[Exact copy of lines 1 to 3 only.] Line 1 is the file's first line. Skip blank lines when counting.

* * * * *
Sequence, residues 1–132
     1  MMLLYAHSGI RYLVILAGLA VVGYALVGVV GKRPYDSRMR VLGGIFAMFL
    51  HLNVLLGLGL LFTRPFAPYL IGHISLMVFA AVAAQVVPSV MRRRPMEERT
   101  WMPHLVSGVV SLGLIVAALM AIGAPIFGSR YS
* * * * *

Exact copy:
Sequence, residues 1–132
     1  MMLLYAHSGI RYLVILAGLA VVGYALVGVV GKRPYDSRMR VLGGIFAMFL
    51  HLNVLLGLGL LFTRPFAPYL IGHISLMVFA AVAAQVVPSV MRRRPMEERT